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New optical technique boosts prospect of virtual biopsy


Volumetric images generated with a new optical imaging technique may provide unprecedented diagnostic detail of blood vessels and gastrointestinal organs.

Volumetric images generated with a new optical imaging technique may provide unprecedented diagnostic detail of blood vessels and gastrointestinal organs.

The technique, pioneered at the Wellman Center for Photomedicine at Massachusetts General Hospital in Boston, has been used successfully to visualize large areas of the esophagus and coronary arteries in living pigs. These studies indicate that optical frequency domain imaging (OFDI) might help in identifying precancerous lesions in the GI tract and plaque deposits in the coronary arteries, Bouma said.

Using a new type of laser developed at MGH-Wellman, OFDI can be used to examine more than 1000 points simultaneously. By comparison, the better known and more widely used optical coherence tomography (OCT) is constrained to tightly focused areas.

Sampling only a few microscopic points of an organ, as is done with OCT, is not enough when trying to spot early-stage disease, according to Brett Bouma, Ph.D., an associate professor of dermatology at Harvard Medical School.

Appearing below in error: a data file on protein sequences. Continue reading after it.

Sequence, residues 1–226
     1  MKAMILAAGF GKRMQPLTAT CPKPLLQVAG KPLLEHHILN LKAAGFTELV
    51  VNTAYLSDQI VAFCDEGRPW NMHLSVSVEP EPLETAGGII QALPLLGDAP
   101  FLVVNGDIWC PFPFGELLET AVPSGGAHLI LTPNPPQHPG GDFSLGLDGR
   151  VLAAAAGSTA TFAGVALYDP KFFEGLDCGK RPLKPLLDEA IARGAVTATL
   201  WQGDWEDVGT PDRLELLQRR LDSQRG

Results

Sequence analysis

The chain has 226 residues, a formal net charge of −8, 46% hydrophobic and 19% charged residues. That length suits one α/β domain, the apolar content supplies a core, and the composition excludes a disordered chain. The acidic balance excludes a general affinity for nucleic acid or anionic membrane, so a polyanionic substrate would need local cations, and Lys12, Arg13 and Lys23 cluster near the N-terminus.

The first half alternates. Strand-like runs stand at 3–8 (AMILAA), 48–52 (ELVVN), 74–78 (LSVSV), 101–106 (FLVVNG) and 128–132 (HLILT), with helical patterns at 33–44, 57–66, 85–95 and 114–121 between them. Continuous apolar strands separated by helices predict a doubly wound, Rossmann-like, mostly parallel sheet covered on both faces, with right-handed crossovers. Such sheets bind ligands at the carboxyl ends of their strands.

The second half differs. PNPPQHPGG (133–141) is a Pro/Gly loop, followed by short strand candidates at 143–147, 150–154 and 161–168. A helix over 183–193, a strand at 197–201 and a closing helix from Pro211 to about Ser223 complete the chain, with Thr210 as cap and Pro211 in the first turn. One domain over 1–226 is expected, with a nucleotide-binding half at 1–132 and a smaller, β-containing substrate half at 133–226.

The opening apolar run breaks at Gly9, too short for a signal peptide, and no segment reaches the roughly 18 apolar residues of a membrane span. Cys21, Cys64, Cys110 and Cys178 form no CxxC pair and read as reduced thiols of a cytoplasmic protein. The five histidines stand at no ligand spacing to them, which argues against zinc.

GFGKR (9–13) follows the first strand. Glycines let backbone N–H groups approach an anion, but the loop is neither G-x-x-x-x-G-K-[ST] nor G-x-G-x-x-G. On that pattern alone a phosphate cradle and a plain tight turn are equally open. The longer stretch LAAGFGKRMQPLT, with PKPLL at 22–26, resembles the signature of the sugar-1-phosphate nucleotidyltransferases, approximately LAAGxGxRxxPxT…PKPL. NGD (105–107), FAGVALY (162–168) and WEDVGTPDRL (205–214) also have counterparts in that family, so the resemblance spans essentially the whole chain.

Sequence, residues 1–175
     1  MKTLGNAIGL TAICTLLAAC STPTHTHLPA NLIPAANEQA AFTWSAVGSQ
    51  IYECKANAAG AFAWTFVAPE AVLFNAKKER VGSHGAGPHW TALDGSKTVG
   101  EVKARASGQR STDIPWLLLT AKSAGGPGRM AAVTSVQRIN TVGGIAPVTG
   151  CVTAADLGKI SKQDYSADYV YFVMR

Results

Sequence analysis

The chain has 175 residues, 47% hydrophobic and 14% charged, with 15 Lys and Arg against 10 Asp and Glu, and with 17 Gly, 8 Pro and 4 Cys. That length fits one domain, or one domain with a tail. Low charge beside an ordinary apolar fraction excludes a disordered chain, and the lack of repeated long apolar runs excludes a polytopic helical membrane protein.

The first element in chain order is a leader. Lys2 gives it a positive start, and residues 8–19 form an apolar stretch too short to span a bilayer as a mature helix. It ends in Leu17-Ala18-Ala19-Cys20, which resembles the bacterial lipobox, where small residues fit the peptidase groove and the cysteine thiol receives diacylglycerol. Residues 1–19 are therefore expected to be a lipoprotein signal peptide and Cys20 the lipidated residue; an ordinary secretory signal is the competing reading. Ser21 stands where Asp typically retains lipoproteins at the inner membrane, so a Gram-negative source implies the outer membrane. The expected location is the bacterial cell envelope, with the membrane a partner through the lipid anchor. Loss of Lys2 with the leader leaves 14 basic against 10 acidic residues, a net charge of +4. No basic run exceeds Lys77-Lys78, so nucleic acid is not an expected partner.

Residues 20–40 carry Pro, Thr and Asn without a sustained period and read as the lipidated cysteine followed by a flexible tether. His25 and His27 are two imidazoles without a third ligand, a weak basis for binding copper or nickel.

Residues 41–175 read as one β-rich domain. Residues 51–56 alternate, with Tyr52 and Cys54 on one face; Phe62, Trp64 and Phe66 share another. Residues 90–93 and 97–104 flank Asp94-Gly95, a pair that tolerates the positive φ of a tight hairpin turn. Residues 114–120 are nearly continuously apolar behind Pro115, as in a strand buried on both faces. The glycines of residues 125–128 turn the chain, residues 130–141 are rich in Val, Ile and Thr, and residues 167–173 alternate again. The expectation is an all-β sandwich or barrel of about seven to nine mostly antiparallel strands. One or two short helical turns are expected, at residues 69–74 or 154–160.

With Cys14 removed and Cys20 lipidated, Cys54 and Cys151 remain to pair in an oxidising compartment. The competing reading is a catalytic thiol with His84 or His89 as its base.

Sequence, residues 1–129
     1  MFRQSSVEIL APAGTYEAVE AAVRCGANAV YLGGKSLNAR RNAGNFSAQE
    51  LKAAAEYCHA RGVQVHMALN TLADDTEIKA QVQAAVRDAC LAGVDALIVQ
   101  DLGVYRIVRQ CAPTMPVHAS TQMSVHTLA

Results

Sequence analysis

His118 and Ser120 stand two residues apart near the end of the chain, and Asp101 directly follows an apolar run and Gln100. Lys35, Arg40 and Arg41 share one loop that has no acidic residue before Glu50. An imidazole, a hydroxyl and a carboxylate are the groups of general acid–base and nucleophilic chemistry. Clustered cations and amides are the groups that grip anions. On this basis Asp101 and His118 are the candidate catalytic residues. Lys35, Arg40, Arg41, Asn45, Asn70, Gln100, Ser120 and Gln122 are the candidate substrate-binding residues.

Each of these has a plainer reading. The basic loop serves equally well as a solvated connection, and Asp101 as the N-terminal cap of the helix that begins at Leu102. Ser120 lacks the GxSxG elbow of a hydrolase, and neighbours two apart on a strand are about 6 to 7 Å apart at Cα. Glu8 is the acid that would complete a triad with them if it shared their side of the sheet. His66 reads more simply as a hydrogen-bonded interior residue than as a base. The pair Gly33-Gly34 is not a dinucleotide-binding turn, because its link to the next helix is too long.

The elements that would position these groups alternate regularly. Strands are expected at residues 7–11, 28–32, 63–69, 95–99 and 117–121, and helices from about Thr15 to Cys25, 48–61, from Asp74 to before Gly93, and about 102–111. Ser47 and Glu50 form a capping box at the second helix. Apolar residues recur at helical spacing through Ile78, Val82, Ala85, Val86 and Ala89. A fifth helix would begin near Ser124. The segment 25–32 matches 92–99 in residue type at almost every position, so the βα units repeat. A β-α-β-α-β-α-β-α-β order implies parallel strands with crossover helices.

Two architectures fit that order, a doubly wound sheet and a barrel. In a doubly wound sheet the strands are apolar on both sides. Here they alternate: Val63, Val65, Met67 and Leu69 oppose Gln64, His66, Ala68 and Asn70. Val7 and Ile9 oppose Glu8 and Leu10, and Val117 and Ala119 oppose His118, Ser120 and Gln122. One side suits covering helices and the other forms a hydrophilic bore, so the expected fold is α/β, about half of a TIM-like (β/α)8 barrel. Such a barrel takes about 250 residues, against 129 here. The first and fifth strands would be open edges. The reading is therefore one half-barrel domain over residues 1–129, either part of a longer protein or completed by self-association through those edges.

"With optical frequency domain imaging, we can now perform microscopy throughout very large volumes of tissue without missing any locations," he said.

A rotating laser tip inside the fiberoptic catheter probe emits a light beam with constantly changing wavelengths. As the probe moves through the cavity, the light examines the GI or arterial surfaces, providing the data needed to create detailed microscopic images.

In a paper scheduled for publication in Nature Medicine, lead author Bouma and others from the MGH-Wellman team report that preclinical applications of OFDI revealed structural details of a 4.5-cm length of pig esophagus. Scans were accomplished in under six minutes.

Coronary artery surfaces were similarly mapped, producing 3D images of segments 24 mm to 63 mm long. An experiment designed to evaluate OFDI's ability to detect damage to arterial surfaces confirmed that the technique could differentiate between healthy and damaged tissue.

Potential applications for OFDI include the diagnosis of Barrett's esophagus, a precursor to esophageal cancer. Another major application may be examining coronary arteries for vulnerable plaque that could rupture and produce heart attacks.

A 2005 study from the division of cardiology at MGH found that OCT could identify vulnerable plaques in symptomatic patients. The OCT-developed scanning criteria could be used with OFDI to further study the vulnerable plaque hypothesis, potentially to diagnose dangerous plaques and guide their treatment.

Researchers might add other possibilities. Some go well beyond the traditional bounds of diagnosis. Bouma speculated that OFDI might be leveraged by therapies that involve the use of lasers. One is the use of laser light to treat early cancer.

"Our hope is that, through one minimally invasive probe, clinicians will be able to diagnose and precisely treat diseased tissue, while sparing adjacent healthy tissue," Bouma said.

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